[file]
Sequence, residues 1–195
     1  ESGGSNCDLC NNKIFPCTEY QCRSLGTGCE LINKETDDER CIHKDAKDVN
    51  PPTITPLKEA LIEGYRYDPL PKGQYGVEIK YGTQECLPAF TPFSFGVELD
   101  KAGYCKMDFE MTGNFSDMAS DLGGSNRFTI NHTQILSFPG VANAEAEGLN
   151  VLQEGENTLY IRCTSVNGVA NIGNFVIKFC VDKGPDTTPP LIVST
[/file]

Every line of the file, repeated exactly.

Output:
Sequence, residues 1–195
     1  ESGGSNCDLC NNKIFPCTEY QCRSLGTGCE LINKETDDER CIHKDAKDVN
    51  PPTITPLKEA LIEGYRYDPL PKGQYGVEIK YGTQECLPAF TPFSFGVELD
   101  KAGYCKMDFE MTGNFSDMAS DLGGSNRFTI NHTQILSFPG VANAEAEGLN
   151  VLQEGENTLY IRCTSVNGVA NIGNFVIKFC VDKGPDTTPP LIVST